Journalism Needs Diversity — Now More than Ever

As news of basketball superstar Kobe Bryant’s death reverberated around the world, British broadcasting giant BBC aired a tribute to the Mr. Bryant. Yet viewers were quick to notice that the program mistakenly played footage of Lebron James, who, like Mr. Bryant, is African-American and plays for the Los Angeles Lakers. And in 2017, an Irish newspaper used a photo of a Black British rapper to accompany an article about a Belgian soccer player. While these mistakes are immediately noticable and rectifiable, they are indicators of a larger issue: the news industry lacks diversity. This flaw has historically caused a disparity in coverage and hurt the accuracy of reporting, so newsrooms must actively seek to repair their industry by diversifying both their coverage and their staff.

Journalists, in the simplest sense, are megaphones — they discover little-known stories or the lesser-known aspects of popular ones and broadcast them to a massive audience. But journalists can’t just be a megaphone for the majority, leaving the stories of minorities uncovered and unheard. They must diversify their coverage because it is often the stories of minorities that need a megaphone the most.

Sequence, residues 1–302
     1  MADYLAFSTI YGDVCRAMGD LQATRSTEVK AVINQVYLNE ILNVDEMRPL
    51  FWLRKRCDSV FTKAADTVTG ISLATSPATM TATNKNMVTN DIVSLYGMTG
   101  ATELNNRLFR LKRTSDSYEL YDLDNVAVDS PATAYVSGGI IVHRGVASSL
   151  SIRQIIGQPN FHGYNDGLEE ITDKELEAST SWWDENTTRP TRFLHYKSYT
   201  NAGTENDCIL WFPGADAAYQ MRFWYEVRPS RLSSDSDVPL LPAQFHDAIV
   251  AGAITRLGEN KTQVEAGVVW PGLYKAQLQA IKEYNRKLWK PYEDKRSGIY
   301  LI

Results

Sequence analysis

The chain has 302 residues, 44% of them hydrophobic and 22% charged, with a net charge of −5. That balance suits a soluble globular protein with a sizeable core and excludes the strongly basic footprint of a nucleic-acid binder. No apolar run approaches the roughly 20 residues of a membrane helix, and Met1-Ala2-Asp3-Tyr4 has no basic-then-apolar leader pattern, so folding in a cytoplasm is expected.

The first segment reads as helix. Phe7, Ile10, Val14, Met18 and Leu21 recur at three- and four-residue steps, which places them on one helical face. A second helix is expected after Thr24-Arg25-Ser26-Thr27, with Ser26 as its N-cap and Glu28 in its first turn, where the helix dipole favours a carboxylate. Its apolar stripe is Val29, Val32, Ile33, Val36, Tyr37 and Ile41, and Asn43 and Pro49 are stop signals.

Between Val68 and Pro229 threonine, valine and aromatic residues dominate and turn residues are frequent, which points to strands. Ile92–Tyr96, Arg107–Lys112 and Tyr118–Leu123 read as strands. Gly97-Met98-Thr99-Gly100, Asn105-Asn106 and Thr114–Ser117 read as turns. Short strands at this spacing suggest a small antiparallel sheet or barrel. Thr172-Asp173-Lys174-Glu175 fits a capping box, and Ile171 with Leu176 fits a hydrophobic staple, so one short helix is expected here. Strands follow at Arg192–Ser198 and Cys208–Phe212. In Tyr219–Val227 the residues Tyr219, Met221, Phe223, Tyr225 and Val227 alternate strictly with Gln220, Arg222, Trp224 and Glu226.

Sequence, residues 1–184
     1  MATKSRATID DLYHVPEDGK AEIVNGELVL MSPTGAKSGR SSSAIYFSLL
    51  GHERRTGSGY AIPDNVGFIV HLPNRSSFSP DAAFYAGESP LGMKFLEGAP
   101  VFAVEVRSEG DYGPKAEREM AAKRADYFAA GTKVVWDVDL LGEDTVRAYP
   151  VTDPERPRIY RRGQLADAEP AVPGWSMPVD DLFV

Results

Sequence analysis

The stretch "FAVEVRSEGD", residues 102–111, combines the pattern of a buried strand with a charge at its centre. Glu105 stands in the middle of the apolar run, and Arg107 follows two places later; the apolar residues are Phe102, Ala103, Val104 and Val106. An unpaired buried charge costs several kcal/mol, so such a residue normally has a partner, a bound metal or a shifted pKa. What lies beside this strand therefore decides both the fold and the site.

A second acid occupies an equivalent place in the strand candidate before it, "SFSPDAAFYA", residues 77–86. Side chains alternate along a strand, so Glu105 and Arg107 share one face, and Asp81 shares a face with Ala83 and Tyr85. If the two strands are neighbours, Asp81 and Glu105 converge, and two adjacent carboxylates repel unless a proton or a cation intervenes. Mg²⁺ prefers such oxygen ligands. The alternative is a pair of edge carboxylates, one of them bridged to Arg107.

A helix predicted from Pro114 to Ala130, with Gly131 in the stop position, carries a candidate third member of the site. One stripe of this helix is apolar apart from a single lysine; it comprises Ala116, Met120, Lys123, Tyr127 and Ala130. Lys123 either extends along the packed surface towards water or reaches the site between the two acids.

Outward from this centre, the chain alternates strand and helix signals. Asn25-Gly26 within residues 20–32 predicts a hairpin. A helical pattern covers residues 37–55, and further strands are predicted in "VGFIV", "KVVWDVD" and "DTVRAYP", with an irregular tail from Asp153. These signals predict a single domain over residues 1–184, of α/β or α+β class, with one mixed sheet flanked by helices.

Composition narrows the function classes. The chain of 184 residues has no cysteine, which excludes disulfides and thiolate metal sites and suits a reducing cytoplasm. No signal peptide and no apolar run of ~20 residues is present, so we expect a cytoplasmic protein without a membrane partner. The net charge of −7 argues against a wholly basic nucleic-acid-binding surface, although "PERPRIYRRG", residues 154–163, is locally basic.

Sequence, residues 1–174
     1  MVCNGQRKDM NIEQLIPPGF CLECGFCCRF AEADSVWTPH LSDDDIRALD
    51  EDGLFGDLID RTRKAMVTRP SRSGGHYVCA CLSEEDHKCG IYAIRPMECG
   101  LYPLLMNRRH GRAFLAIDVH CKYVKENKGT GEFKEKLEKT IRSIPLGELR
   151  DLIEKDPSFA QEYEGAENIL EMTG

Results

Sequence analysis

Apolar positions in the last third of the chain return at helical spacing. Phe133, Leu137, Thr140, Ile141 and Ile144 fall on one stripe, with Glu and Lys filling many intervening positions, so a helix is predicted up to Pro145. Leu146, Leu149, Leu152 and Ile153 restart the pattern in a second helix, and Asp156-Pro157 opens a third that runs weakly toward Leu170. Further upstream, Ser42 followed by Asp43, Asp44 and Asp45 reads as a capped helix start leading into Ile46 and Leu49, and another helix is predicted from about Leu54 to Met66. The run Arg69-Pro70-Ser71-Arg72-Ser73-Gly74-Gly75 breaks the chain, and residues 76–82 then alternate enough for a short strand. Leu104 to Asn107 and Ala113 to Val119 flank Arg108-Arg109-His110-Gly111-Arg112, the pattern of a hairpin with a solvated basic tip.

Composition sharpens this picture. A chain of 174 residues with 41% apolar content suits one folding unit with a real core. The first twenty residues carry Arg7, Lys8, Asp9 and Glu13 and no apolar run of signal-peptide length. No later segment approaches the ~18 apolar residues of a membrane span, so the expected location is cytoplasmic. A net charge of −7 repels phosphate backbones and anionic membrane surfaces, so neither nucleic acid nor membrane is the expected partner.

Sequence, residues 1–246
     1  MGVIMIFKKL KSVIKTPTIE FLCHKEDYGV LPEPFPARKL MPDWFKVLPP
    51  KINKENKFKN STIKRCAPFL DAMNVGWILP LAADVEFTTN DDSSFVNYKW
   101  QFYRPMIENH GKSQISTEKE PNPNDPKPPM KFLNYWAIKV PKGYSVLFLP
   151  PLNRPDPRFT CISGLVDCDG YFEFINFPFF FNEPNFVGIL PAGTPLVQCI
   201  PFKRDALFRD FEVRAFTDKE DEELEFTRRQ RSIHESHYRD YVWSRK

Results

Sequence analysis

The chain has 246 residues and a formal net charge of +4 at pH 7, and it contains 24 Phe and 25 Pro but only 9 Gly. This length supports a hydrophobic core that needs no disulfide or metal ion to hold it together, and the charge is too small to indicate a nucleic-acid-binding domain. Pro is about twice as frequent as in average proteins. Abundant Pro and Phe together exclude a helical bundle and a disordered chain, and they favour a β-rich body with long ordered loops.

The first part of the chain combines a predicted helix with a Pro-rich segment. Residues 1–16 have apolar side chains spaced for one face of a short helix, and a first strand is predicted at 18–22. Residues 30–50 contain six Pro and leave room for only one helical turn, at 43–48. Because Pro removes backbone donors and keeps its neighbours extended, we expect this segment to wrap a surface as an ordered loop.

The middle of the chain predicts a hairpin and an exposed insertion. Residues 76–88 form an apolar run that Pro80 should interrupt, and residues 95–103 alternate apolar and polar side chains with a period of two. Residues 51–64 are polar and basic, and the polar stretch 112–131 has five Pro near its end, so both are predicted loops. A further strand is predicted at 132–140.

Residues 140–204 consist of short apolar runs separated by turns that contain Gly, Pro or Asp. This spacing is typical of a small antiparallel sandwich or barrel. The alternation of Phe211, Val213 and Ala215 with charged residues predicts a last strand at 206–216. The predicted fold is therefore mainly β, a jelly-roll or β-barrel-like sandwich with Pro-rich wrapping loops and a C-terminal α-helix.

Perhaps the clearest example of this sentiment is the coverage of Colin Kaepernick’s refusal to stand for the national anthem. The first time Kaepernick knelt during the national anthem in a game, only one reporter decided to ask him about it: Steve Wyche. While other journalists dismissed Kaepernick’s actions as a disgraceful publicity stunt, Wyche recognized its potential significance. “He could be doing more than taking a seat here,” Wyche recalled his initial reaction to the news. Wyche’s coverage of the Kaepernick story represented a willingness to diversify and stray from traditional sports reporting, but it also demonstrated a reality in the disscussion about newsroom diversification: to truly diversify coverage, newsrooms need more diverse journalists. Wyche, who is African-American, recalled conversations he’s had with athletes: “Players will sometimes say, ‘Man there are some things we want to say. But we don’t know if we can say them honestly to people who might not be able to tell the story through our prism.’” Sources feel more comfortable talking to a journalist who can relate and emphathize, which means that having a more diverse staff can increase the accuracy of reporting.

Unfortunately, newsrooms are historically behind when it comes to diversification. According to a 2014 report by The Atlantic, minorities made up 22 percent of television journalists and only 13 percent of daily newspaper journalists. For comparison, 37 percent of the American population are minorities. In recent years, many outlets like The New York Times, The Wall Street Journal, and NPR have attempted more diverse hiring practices, which have all led to noticable gains in minority representation.

Newsrooms have a unique responsibility to diversify their coverage and commit to diverse hiring practices. Journalists work to shed light on stories that go unheard, but the industry’s focus on catering to the majority has prevented them from truly doing so. It is absolutely critical that journalists work to rectify this fatal flaw.